We have recently been made aware of a casualty where welding operations on a tanktop surface resulted in an explosion and fatalities.
It would appear that owners were unaware that bunkers which have a flashpoint above the minimum of 60C degrees can still generate an explosive atmosphere in the storage tank ullage space, even when unheated. The industry has been aware of this property of heavy fuel oil for a number of years and the presumption must always be that heavy fuel oil tanks are in such condition at ALL times.
Flash point is NOT a reliable indicator as to whether a particular fuel will generate a potentially explosive atmosphere whilst in storage. To assess this risk the vessel's crew must carry out explosion meter readings. Readings of 50% LEL (lower explosive limit) must be considered as being potentially in the explosive range and precautions taken accordingly.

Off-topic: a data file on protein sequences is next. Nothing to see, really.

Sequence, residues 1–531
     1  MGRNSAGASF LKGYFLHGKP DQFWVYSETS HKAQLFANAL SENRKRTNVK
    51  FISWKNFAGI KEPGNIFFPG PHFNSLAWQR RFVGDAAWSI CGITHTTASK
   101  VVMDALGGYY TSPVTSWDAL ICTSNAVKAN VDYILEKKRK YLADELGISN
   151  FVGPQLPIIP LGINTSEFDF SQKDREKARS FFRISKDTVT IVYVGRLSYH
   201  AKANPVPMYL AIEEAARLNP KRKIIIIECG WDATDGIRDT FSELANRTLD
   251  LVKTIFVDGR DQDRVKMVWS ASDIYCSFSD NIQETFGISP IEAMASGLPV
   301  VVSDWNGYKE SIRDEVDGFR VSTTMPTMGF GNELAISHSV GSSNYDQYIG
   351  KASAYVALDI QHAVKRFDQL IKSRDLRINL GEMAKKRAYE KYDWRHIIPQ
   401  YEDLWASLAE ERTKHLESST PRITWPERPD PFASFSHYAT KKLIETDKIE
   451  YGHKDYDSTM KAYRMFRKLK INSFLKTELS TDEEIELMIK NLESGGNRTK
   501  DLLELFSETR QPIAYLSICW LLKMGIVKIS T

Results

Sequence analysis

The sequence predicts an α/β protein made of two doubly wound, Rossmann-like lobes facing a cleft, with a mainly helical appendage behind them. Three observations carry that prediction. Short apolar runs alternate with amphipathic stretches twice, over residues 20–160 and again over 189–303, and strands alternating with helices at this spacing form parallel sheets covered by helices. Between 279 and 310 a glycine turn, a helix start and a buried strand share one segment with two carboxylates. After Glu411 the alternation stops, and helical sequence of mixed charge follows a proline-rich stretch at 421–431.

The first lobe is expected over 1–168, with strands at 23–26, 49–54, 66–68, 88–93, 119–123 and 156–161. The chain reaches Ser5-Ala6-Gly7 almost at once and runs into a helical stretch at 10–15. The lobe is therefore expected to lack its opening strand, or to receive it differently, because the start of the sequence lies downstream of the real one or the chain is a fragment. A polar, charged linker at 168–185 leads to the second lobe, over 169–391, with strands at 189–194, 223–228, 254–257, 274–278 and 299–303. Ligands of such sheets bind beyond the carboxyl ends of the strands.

Certainly NO "hot work" should be carried out on any tank or its ancillaries without first being cleared, isolated and checked for being "gas free".
Bearing in mind incidents such as this are still occurring, we would strongly recommend owners remind their crews of the 1989 OCIMF publication "The Flammability Hazards Associated with the Handling, Storage, and Carriage of Residual Fuel Oils".
Source : External
Through Karl Lumbers Loss Prevention Dept